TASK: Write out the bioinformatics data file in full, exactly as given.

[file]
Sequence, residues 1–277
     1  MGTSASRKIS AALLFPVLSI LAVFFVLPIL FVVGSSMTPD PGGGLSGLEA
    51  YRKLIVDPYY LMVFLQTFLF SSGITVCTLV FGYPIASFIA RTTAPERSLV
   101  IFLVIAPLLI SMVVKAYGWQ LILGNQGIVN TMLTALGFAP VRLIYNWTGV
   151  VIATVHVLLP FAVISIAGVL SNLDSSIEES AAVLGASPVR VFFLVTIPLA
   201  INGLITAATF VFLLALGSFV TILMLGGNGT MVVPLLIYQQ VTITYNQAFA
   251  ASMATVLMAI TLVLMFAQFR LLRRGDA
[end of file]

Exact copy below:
Sequence, residues 1–277
     1  MGTSASRKIS AALLFPVLSI LAVFFVLPIL FVVGSSMTPD PGGGLSGLEA
    51  YRKLIVDPYY LMVFLQTFLF SSGITVCTLV FGYPIASFIA RTTAPERSLV
   101  IFLVIAPLLI SMVVKAYGWQ LILGNQGIVN TMLTALGFAP VRLIYNWTGV
   151  VIATVHVLLP FAVISIAGVL SNLDSSIEES AAVLGASPVR VFFLVTIPLA
   201  INGLITAATF VFLLALGSFV TILMLGGNGT MVVPLLIYQQ VTITYNQAFA
   251  ASMATVLMAI TLVLMFAQFR LLRRGDA